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Maritime NZ: Sea Change February 2022 newsletter

by Maritime NZ 29 Mar 2022 19:00 NZDT 29 March 2022
In 2020/21 they issued 3,365 maritime or marine protection documents, certificates and permits © Maritime NZ
Latest issue of SeaChange February 2022
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Issue 86

February 2022

SeaChange brings you news you can use to stay safe on the water, plus updates from Maritime NZ and the maritime sector. Remember to 'view in browser' to see all the images below. 

Putting safety first

Kia ora

Welcome to our first issue for 2022. It has been a tough start to the year for many, with new COVID-19 phases to adjust to, as well as Omicron disrupting business continuity and impacting on tourism and other operators' viability.

We really feel for the sector, and supporting you while maintaining safe operation of the industry continues to be a big focus of our work. We also face some of the same challenges as an employer with our own people and business continuity, and ask for your patience and respect if some of our services are disrupted.

Another key focus for us over 2022 continues to be Te Korowai o Kaitiakitanga, a programme of work which centres on the ongoing improvement of how we perform some of our frontline regulatory functions. We've carried out an exercise on what we think good looks like and priorities for action and will be testing this with some maritime sector participants over the next couple of months.

We aim to ensure we're clear about our regulatory approach, we're as effective as we can be when engaging with people, we focus on areas of highest risk, and we partner well with others to deliver safe, secure and clean outcomes for New Zealand.

I wish your companies, workers and families well over the next few months as we grapple with this stage of the pandemic, and we look forward to working collaboratively with you throughout 2022.

Here's the list of this month's articles:
  • COVID-19 update
  • How a "kill switch" could save your life
  • Meet our crew
  • Initiatives to reduce marine plastic litter
  • New marine protection rules to come in to effect soon
  • 40-Series Reform team welcomes your feedback 
  • Maritime Rules Part 82 delegation
  • Annual Report out now 
  • Skipper failed responsibilities after crew member's fingertips severed
  • Commercial vessels warned against operating without valid certificates of survey
  • Safety improvements urged following excavator case
  • Maritime NZ milestone

Ng mihi

Kirstie Hewlett
Director and Chief Executive 

COVID-19 update

There have been many developments since our last COVID-19 update, the most significant of which is the outbreak of Omicron in our community.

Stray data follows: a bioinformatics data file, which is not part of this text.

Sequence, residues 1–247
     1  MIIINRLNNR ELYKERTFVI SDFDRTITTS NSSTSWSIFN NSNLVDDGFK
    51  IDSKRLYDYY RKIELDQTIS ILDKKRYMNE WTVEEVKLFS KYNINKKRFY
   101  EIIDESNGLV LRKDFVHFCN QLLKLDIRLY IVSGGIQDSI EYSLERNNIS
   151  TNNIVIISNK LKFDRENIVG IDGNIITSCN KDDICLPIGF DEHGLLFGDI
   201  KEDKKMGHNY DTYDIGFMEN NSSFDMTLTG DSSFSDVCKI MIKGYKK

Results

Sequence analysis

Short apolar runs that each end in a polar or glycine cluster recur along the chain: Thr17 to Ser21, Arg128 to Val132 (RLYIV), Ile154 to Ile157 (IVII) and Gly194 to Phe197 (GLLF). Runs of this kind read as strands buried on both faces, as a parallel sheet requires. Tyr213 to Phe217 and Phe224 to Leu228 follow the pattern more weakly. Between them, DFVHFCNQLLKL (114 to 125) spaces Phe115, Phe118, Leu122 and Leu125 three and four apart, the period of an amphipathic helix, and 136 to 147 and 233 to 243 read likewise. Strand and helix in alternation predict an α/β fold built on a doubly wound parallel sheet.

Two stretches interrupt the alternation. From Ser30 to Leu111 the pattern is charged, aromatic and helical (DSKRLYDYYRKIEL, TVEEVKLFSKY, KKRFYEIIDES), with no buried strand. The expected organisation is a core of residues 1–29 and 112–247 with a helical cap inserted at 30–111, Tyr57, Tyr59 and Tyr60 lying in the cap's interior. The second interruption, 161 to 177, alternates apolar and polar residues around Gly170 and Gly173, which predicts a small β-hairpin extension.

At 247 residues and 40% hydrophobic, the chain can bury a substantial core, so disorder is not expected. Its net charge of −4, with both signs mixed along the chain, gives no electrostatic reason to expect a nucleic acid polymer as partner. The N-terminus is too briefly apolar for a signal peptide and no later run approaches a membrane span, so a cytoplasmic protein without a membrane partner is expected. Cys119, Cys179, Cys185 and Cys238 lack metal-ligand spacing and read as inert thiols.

Our COVID-19 Response and Recovery team is currently working closely with other government agencies to support the Government's 'Omicron Phase 3' approach. There is now more focus on self-management and health services directed towards families and communities with the highest needs. Read more about operating under Phase 3.

Other important developments include:
  • The Close Contact Exemption Scheme is now underway to allow vaccinated asymptomatic critical workers who are close contacts, to take a Rapid Antigen Test (RAT) to return to work. This has been introduced to ensure businesses can still operate during periods of high worker absenteeism.
  • Changes to testing border workers are now following their normal testing routine using RAT kits rather than PCR tests to help with the spike in testing over the past few weeks. Find out more about RATs
  • New Extended Notice of Arrival form  for vessels arriving in New Zealand. See here
  • Steps to reconnect New Zealand  crew changes are continuing, however, New Zealand seafarers returning home can now self-isolate rather than go into a Managed Isolation Quarantine facility. From 13 March, certain critical and skilled workers will be eligible to enter New Zealand. Check 5-step plan to re-open borders
  • New PPE requirements  all workers covered by a vaccine mandate are now required to wear a surgical-grade or N95 face mask. Get detailed PPE Guidance
Stay up to date with the latest information

Remember, you'll find regularly updated COVID-19 information on our website, including the Maritime Industry Update. If you have any questions, please contact us at 

How a kill switch could save your life

George Booth with his dad, the day after the accident
A young Aucklander who suffered life-changing injuries during a fishing trip says safety lanyards or engine kill switches, are vital in preventing further, potentially fatal, accidents.

Now, George Booth wants all boaties to know about the importance of kill switches.

George, 21, received horrific injuries to his right leg when the skipper of the boat he was a passenger in hit a wave at speed and lost control near Mangawhai Heads on January 17, 2021.

Tossed over the side of the boat and into the water, George was struck by the propeller of the inflatable motor boat but in a stroke of good luck that probably saved his life, his hoodie became stuck in the propeller, preventing further injuries.


Meet our crew

Jessie Ward-Thomas  Certification Advisor   
I enjoy talking to seafarers, hearing their stories, and getting to know more about the industry we regulate.

Certification Advisor, Jessie Ward-Thomas, has only been with Maritime NZ for close to a year, but in that time has supported many people getting into the industry, a process she finds really rewarding. Shes driven by empathy and understanding and believes these values are crucial for dealing with seafarers and their livelihoods. 


Initiatives to reduce marine plastic litter

Of the many challenging marine pollution issues today, reducing and, ultimately, eliminating marine plastic litter tops many peoples list. 

Some promising initiatives from States and environmental Non-Government Organisations (NGOs) will be discussed at the International Maritime Organizations (IMO) ship-focussed Pollution Prevention and Response Sub-Committee meeting in April. New Zealand is engaging (virtually) and supporting this work. The agenda includes:
  • Minimising pollution from abandoned, lost and discarded fishing gear by requiring gear to be labelled, broadening the requirements for reporting lost gear, and building up an international database. Theres work to be done here. For example, how low do you go with labelling individual pieces of gear? And how do you safeguard commercially sensitive information when reporting incidents into an international database. Maritime NZ and the Ministry for Primary Industries are working together to develop New Zealand's position on this.
  • Amending international standards and classifications for shipping containers of plastic nurdles, granules, pellets, flakes, powders and other feedstock to be stowed underdeck or in sheltered areas where theyre less likely to be lost overboard during heavy weather.